God of Liberty suffers from no such overreaching. With impressive command of the primary sources and deft historical analysis, Kidd has produced an indispensable survey of religious life during the Revolutionary era. (Certainly the irony cannot have been lost on Kidd that his editor for God of Liberty, the incomparable Lara Heimert, is Alan Heimert's daughter.)
Kidd demonstrates that the revivalism of the Great Awakening became politicized during the Seven Years' War, which "forged a visceral bond among Protestantism, anti-Catholicism, and liberty." Apocalyptic imagery abounded, with Catholicism identified with both the Antichrist and monarchy. The Stamp Act of 1765 implicated the British crown in that web of arbitrary and malevolent power and set the stage for the American Revolution.
During the Revolution itself, evangelicals generally lined up with the Patriots. After preaching on Ecclesiastes 3 ("To every thing there is a season") in January 1776, Peter Muhlenberg of Woodstock, Virginia, stepped down from his pulpit and removed his vestments to reveal a military uniform, announcing that he had accepted a commission with a Virginia regiment. Three hundred members of his congregation signed up for the army that day.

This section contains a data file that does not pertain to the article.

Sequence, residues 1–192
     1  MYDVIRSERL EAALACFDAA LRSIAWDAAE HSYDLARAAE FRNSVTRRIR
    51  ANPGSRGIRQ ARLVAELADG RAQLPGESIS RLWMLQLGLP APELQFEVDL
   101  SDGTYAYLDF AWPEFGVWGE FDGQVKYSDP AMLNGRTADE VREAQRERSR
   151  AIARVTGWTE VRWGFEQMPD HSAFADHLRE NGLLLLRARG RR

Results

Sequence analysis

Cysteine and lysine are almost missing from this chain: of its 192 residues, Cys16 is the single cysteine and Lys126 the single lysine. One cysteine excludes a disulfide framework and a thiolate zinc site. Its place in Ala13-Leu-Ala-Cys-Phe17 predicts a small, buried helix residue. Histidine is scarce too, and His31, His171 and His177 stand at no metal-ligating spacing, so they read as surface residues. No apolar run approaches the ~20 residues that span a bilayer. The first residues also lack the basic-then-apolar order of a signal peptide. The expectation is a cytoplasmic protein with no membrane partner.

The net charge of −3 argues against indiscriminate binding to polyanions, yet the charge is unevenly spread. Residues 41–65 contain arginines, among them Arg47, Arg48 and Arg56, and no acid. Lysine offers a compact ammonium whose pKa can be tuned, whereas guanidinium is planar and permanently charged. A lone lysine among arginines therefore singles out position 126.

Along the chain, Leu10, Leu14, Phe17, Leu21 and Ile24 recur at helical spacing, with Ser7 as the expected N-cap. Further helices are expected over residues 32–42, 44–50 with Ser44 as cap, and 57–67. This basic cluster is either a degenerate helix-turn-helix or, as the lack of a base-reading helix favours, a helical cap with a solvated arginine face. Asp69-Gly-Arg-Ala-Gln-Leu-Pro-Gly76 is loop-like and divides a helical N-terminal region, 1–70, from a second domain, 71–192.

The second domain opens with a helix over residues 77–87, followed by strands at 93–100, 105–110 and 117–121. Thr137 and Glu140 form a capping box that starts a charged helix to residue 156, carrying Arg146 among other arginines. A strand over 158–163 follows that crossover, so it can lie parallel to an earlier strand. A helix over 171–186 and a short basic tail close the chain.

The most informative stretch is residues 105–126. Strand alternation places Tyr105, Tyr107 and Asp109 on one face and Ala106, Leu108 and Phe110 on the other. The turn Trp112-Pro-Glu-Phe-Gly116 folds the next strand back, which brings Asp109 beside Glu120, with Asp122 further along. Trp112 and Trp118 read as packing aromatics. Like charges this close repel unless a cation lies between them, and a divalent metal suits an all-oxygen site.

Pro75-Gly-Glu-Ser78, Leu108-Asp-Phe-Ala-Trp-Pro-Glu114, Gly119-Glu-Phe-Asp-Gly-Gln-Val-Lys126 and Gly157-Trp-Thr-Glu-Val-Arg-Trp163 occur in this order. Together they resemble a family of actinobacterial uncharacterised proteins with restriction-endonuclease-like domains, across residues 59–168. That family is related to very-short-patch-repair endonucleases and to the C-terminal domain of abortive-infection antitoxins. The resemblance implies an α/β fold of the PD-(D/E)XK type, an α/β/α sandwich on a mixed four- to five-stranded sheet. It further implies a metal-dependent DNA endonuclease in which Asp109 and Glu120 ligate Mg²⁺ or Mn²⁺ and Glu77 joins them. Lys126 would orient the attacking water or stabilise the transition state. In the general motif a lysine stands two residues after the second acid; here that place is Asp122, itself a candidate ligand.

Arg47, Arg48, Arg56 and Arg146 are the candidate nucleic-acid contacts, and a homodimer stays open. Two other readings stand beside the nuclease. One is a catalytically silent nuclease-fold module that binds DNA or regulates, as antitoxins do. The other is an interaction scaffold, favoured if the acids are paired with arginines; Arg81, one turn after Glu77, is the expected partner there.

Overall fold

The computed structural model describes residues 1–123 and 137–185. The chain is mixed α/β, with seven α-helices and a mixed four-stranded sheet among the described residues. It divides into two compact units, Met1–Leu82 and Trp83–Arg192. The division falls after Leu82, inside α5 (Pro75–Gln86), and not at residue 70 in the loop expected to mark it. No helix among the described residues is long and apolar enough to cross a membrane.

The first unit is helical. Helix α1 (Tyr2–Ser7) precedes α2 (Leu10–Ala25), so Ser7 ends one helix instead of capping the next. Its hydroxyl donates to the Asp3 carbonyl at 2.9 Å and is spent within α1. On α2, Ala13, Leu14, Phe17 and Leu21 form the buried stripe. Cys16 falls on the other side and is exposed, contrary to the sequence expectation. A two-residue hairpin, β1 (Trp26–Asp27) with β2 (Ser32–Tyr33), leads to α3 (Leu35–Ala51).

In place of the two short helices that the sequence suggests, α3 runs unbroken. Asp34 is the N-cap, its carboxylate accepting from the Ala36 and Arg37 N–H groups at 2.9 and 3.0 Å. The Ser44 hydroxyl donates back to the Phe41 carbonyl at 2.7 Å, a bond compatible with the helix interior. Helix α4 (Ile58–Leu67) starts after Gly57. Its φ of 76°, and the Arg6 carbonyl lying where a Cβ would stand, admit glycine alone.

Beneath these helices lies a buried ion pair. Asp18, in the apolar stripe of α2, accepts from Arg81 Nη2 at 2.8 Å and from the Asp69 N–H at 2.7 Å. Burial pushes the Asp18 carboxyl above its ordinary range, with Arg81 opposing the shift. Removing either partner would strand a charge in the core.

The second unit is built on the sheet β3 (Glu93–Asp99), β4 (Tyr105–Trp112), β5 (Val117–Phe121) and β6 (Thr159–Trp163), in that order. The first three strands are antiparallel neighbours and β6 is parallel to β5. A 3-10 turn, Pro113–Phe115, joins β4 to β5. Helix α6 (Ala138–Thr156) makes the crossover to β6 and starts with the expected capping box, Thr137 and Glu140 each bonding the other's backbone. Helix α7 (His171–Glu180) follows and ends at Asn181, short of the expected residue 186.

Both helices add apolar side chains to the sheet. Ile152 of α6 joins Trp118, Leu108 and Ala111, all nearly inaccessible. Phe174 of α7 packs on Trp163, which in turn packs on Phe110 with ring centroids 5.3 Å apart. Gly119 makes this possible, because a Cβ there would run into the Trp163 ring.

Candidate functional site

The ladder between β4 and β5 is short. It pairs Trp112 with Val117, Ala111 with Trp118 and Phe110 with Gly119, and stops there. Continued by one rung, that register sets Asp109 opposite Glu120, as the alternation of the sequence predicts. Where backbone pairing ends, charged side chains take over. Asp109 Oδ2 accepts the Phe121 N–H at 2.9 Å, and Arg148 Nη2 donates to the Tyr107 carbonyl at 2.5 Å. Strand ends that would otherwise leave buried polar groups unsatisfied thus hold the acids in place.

Military chaplains were viewed as crucial to the success of the Continental Army. Americans had been scandalized by the vulgarity of British soldiers, and they came to believe that "success in the war depended on their individual moral character and that of their new nation." Chaplains monitored the behavior of soldiers, fearing that moral lapses would throw the Patriot cause off course. The British surrender at Yorktown was greeted as evidence of divine favor. Kidd does point out the "morally problematic" nature of American providentialism, as demonstrated by the clergy's endorsement of the destruction of Iroquois towns during the war.
Roiling beneath the surface during these years was growing evangelical discontent about religious establishments, which came to be seen as another species of coercion and an affront to liberty. Kidd expertly reviews the relations between church and state in the various colonies and charts the progress toward disestablishment. "Even before the advent of the American Revolution," the author writes, "the stage had been set for the cooperation of evangelicals and more liberal Christians, not only in the Patriot cause but also in the struggle to disestablish the state churches."